I love reading stuff like this. While most people (I'm guessing) are fascinated by the Higgs, Cosmology, Dark Energy, etc., I'm more of a sucker for "simple stuff" that really isn't that simple nor trivial. This is one such example.
The authors of this paper is investigating what they call the "comfortable roller coaster". It is a roller coaster that has a constant magnitude of the normal force acting on the rider. In other words, you don't get multiple g's pressing on you and don't get lifted off your seat.
Abstract: A particle that moves along a smooth track in a vertical plane is influenced by two forces: gravity and normal force. The force experienced by roller coaster riders is the normal force, so a natural question to ask is, what shape of the track gives a normal force of constant magnitude? Here we solve this problem. It turns out that the solution is related to the Kepler problem; the trajectories in velocity space are conic sections.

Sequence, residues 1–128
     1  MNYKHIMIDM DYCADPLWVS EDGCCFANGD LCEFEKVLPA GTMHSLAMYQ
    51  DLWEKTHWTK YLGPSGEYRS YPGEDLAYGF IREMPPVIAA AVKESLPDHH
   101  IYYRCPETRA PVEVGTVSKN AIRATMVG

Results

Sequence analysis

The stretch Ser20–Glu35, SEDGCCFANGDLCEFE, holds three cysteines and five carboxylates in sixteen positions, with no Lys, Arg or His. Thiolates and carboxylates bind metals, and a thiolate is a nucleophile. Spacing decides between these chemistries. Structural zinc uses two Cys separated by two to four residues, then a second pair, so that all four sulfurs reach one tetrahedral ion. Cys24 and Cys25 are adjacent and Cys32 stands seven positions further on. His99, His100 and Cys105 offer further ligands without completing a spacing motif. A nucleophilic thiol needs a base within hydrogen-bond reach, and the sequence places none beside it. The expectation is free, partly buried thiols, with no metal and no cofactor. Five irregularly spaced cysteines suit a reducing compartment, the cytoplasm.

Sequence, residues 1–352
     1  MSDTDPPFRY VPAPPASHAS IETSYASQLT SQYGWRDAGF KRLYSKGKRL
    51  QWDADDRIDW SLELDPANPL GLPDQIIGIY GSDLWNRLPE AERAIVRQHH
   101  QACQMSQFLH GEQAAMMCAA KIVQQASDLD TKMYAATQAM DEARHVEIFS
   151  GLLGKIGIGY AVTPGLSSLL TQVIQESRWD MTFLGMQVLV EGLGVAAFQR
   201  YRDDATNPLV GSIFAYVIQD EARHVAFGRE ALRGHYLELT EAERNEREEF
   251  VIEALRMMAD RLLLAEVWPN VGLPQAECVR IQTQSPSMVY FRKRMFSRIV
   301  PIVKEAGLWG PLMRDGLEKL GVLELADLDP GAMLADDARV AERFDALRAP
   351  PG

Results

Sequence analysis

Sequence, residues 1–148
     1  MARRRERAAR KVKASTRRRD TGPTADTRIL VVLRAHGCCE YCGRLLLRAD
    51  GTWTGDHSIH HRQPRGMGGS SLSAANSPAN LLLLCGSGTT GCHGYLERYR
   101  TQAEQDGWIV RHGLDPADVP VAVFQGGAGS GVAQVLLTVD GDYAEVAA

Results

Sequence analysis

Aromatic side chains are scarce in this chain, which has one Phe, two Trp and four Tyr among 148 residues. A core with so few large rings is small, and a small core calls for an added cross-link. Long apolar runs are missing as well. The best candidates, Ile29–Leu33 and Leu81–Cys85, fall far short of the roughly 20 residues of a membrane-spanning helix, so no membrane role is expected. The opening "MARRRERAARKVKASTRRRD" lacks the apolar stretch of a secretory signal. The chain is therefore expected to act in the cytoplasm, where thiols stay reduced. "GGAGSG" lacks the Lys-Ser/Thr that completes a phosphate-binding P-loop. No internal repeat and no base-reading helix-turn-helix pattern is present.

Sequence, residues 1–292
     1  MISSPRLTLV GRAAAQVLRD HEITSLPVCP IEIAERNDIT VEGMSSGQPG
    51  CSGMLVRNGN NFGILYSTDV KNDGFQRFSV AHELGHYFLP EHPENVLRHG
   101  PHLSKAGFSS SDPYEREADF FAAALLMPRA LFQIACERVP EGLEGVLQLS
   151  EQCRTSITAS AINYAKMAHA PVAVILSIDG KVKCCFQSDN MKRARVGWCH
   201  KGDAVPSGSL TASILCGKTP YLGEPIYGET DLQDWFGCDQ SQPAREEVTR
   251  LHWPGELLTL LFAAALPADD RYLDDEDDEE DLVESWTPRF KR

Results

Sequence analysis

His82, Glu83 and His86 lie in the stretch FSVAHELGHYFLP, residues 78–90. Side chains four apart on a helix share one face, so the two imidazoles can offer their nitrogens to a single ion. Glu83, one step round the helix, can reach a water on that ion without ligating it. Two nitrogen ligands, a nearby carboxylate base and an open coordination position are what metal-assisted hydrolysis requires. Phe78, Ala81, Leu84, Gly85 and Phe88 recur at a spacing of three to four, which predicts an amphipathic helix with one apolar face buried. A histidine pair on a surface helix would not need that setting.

You can follow the derivation at your leisure. The resulting trajectories are shown in several figures, such as Fig. 1 and 2. Each of the trajectory corresponds to a particular ratio of N/mg. If you look at the trajectory of the loop-the-loop, you'll see that it is more of teardrop shape, rather than a circle or an oval. This shape is what you see at amusement parks and an important design to make sure that the riders are not subjected to unusually high g's during the ride.
A fun paper!
 A.B. Nordmark and H. Essén, Eur. J. Phys. v.31, p.1307 (2010). You may also obtain the paper for free during the first 30 days of online publication at this link.